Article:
This American Masters embedded above pretty much says it all…
Some music you listen to in your life can either be background noise or the basis of all you hold near and dear.
The last few weeks have put a damper on my project, and I will catch up (I have over 100 songs already listed, waiting for posts to be built around them and edited). Work and the lack of a working computer have made it harder than I would like to even put two hundred words together. And then this.
Pete Seeger was 94, and logic dictates to me that 94 is an advanced age many people will never even get to see, and that Pete Seeger was an incredibly lucky man for it. I’m not a fantasist, I know 94 is old.
I doesn’t mean that one of my personal heroes and moral guideposts is allowed to die.
It’s the same denial that fueled me during my mother’s illness.No matter how bad it got, how dire it seemed, I refused to believe the inevitable. Flat out blissful denial. Yeah, it did bite me in the ass when she died, and it took a decade plus to recover. And recover is a word I use loosely here.
It’s a ridiculous, narcissistic thing to demand your heroes live forever. It’s purely because you refuse to let go.
Pete Seeger is one of those artists that seemed unseemly while being prevalent. My parents certainly disagreed with his politics, while i embraced many of the same ideas. Yes, Seeger was a communist, and to the end he affirmed his belief in the socialist utopian ideal, but he acknowledged his failings in not questioning the Soviet regime more and the failings of the system as practiced in the 20th century. He was a millionaire in reality, buoyed by his success as a songwriter and a speaker. He was crucial in bringing folk music to the masses, but made money off the back of poor itinerant bluesmen who often died penniless. This was not his doing, nor did he feel comfortable with the idea. But the Weavers made “Goodnight, Irene” a standard, even if Leadbelly sings the definitive version. He was blacklisted and stood his ground when confronted by HUAC. He never wavered from his leftist ideology, firmly believing in a pacifist, equal society. His work for worker’s rights and civil rights is legendary. He was born into middle class comfort, the son of a musician mother and a renowned musicologist and professor father, the stepson of a renowned composer, the elder half-brother of a folk singing heroine and muse for one the greatest songs of all time. He was a husband and father, and a grandfather. He loved and was loved by family, and adored by music fans from Bruce Springsteen to me and my daughters.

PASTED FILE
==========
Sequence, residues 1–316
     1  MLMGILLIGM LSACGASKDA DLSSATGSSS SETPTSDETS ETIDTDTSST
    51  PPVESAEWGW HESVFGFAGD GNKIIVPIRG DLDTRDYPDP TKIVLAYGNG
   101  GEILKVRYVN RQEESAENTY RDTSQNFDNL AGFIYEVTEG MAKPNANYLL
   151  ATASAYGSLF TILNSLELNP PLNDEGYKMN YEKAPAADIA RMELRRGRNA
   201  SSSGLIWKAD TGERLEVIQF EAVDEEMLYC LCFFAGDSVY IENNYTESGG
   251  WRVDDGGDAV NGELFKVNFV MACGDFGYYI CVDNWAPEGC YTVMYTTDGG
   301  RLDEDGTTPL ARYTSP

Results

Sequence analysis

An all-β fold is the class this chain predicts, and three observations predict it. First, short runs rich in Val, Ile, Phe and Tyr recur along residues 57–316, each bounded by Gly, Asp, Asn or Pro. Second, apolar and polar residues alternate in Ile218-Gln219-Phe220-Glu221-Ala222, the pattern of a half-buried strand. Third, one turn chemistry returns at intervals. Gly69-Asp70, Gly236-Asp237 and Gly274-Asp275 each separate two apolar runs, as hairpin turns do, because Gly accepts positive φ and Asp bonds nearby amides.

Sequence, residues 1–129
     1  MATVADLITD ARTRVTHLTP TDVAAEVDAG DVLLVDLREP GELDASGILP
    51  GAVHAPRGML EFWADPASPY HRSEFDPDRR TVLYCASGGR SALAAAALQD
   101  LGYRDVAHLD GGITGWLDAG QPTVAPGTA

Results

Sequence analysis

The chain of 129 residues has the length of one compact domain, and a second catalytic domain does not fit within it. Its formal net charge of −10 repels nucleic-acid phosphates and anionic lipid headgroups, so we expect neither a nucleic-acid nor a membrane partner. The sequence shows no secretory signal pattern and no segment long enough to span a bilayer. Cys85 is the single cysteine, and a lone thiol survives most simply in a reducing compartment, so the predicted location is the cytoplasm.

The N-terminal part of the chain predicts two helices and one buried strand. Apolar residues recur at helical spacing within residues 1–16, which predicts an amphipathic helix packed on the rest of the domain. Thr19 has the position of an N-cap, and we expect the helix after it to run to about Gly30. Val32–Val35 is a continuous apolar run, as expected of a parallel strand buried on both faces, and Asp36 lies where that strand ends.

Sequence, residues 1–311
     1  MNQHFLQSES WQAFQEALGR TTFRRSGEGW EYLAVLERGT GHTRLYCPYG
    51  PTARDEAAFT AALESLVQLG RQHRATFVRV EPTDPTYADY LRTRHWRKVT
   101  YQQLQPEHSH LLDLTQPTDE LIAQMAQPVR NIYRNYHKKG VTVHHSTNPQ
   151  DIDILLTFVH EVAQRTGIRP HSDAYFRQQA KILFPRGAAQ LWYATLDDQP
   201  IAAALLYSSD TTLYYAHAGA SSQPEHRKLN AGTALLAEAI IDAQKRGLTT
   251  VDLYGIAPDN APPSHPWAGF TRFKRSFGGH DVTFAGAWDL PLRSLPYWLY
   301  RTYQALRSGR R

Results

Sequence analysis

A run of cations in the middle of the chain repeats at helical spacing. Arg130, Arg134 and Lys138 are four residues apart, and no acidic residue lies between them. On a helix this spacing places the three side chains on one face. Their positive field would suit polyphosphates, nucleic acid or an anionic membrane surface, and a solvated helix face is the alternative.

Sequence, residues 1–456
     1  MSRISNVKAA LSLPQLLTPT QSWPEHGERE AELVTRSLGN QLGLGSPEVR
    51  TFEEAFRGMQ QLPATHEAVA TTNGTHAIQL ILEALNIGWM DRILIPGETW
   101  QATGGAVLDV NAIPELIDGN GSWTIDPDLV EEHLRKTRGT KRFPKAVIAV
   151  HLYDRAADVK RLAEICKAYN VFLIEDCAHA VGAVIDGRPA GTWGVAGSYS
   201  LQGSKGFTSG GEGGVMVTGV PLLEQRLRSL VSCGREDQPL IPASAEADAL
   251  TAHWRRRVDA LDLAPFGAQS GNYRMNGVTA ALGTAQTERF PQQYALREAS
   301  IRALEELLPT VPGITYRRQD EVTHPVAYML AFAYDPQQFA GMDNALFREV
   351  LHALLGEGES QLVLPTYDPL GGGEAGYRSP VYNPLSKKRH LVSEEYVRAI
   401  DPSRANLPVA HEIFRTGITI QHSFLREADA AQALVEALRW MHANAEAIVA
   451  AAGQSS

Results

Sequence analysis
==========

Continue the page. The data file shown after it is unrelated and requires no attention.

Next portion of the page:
Mostly, he wrote songs that meant something.
He changed one word to make a spiritual civil rights anthem accessible instead of confrontational. He took one of the last poems of a Cuban revolutionary and created one of the most beloved folk songs of the 20th century. He wrote “If I Had A Hammer”, damn it! He took a bible verse and put it to music! He was inspired and friends with Woody Guthrie, and inspired artists from Dylan to Springsteen. He recorded silly children’s songs (his “Froggie Went A-Courtin’” remains a favourite of mine). His music covered it all- love, memory, politics, hope. His roots as a musicologists son aided him, as he reached deep into the recesses of both American and British folk to bring to the front many songs lost to the larger public. Many of those folk songs were anti-war, pro-worker, and deeply spiritual. He had exquisite taste in what he recorded, wrote and shared. The world is a better place for him being in it, regardless of what you believe of his politics and what some people have said about the hypocrisy of his life. He was genuinely a good man, and a great musician.
I could go on and on about the songs of Pete Seeger, but I’m going to just link to them below. All I can say is that my musical education and my enjoyment of the folk music genre hinges on what Pete Seeger played. He made a staid genre accessible, and inspired a generation to take up his cause using the same music. He made a difference.